The achievements of our faculty are regularly recognized at state, national and international levels, and because we think even the best professors can use assistance to become better teachers, Professor James Pitarresi has added the title of vice provost and director of the Center for Learning and Teaching (CLT). Pitarresi had previously been focused solely on the work of the CLT, but Provost Donald Nieman and I recognized that this role was a little too narrow for someone with his vision regarding enhancing the teaching process on campus. As vice provost he will work to help improve retention and graduation rates, as well as oversee Commencement, new faculty orientation, the Binghamton and McNair Scholars programs, as well as our collegiate professorships. We are looking forward to seeing his contributions in his expanded role.
The CLT is rapidly becoming the go-to place for faculty interested in improving their pedagogy. We are fortunate that many of our alumni and supporters share this goal and are working to help the campus develop new approaches to teaching and learning. In September, we took time to recognize the support that Mark Zurack ’78 has provided the CLT in finding ways to use technology to create a more collaborative, team-centered and student-centered learning process. A new room in the CLT has been named the Zurack Family High-Technology Collaboration Center, a learning studio equipped with glass white boards and Cisco “telepresence” technology that allows students to connect with faculty and alumni for state-of-the-art teaching and collaborative learning. This is only the latest of a long string of transformative donations provided by the Zurack family, and the University is grateful for their support.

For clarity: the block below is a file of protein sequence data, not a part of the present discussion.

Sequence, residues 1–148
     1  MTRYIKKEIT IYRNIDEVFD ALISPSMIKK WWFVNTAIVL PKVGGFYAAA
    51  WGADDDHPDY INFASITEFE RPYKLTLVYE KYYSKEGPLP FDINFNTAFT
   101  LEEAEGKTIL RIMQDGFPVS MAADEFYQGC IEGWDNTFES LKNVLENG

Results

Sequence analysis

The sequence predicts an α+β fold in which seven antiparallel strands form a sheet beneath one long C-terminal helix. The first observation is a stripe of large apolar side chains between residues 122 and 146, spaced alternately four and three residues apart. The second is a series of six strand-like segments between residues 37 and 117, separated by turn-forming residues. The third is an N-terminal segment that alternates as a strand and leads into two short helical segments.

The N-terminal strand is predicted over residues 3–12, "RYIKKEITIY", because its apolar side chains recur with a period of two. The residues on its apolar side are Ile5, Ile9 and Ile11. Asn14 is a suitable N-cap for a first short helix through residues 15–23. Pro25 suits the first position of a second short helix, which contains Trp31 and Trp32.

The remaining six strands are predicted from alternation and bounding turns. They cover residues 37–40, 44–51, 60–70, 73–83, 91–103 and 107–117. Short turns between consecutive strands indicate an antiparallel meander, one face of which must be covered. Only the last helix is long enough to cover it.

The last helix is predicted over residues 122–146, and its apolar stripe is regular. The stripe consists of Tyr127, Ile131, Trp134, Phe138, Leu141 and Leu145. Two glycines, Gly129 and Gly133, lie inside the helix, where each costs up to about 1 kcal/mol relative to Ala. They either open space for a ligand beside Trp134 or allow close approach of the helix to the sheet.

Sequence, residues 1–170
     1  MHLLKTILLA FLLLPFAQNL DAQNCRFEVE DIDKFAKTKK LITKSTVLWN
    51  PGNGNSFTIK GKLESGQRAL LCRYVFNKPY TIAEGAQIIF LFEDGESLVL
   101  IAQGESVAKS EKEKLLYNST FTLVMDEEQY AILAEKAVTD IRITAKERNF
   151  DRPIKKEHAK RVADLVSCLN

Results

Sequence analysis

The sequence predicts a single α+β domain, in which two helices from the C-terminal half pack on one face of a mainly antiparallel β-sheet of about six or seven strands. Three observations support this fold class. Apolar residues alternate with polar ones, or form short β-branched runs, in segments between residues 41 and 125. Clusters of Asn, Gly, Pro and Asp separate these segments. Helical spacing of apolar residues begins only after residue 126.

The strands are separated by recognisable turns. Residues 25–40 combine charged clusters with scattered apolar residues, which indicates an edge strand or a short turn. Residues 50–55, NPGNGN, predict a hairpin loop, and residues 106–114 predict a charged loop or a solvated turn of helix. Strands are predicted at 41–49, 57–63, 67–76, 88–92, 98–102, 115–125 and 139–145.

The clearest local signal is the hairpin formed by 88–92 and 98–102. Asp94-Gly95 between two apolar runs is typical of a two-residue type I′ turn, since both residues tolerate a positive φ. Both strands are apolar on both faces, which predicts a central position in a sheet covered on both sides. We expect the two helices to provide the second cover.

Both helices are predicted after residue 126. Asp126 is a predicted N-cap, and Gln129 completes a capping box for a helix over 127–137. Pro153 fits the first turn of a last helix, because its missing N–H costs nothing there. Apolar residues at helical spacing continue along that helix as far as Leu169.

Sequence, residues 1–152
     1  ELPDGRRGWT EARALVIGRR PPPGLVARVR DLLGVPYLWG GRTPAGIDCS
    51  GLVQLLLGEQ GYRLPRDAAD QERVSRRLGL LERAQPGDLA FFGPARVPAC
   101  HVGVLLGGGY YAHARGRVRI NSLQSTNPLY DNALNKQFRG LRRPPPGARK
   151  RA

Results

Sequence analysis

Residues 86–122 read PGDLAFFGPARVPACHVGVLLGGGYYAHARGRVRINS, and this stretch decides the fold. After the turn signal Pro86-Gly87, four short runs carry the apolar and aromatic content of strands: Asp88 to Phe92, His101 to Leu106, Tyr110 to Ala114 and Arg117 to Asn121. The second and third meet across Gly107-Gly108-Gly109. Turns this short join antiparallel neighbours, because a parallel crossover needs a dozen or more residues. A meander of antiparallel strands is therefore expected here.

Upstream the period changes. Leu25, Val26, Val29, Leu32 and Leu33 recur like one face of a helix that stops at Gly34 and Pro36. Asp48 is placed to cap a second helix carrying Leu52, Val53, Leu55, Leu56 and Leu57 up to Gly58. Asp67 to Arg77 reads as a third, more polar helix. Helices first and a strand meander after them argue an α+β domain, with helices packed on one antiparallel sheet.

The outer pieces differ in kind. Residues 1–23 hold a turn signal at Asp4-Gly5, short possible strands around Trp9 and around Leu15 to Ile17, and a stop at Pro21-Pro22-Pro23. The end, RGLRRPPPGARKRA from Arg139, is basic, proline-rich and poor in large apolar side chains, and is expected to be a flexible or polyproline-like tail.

Homecoming and Family Weekend
The dedication of the Zurack Family Center took place during this year’s Homecoming celebration, which, by all accounts was very successful, with a record 1,400 alumni returning to campus to reminisce, network and learn about changes taking place at their alma mater. It was an event-filled weekend with a range of activities for students and alumni, including a celebration of campus radio station WHRW’s 50th anniversary, alumni-taught seminars on current events, a student-run fashion and the traditional tailgate followed by a men’s soccer game that saw Binghamton win decisively over SUNY rival, the University at Buffalo. But for me, the highlight was a performance by the world-renowned Bill T. Jones/Arnie Zane Company, where I presented the former Binghamton University attendee the University Medal in recognition of his work and his role in raising the University’s profile.
Homecoming was preceded by our annual Family Weekend which drew more than 5,000 parents and siblings to campus. This number includes more than 200 parents who themselves attended Binghamton University. These “legacy” families are very important to the University as they are a clear demonstration of both the impact that the University has on our alumni and the sense of community that we try to develop here. Given our successes in the last few years, I am confident that the number of legacy families will continue to grow. The University organized a number of informational sessions for parents to tell them more about our academic programs and student services, so they can be more engaged and effective in supporting their students’ success at Binghamton. And of course there were many opportunities for family fun as well, including movies and games, bonfires, tours of the Nature Preserve, concerts and comedians.
State of the University and the Road Map
One of the rituals of the academic year is the State of the University address that I give to students, faculty, staff and community members. This year, I outlined some of our recent successes and identified the chief challenges that lie ahead — as well as the strategies we will use to meet them. The four years since the implementation of our Road Map have been marked by real advances for the campus – ranging from the Road Map itself to the introduction of Transdisciplinary Areas of Excellence (TAEs), the establishment of our new School of Pharmacy and Pharmaceutical Sciences, and progress on the new Southern Tier Health Sciences and Technology Innovation Park in Johnson City as part of the state’s Upstate Revitalization Initiative (URI). Among the challenges the campus faces are changes in state funding as a result of the non-renewal of NYSUNY 2020 by the state legislature as well as the prospect of a new SUNY chancellor next year. I believe that the best way for the University to address these challenges is to better harness the collaborative spirit that animates so much of what we do here.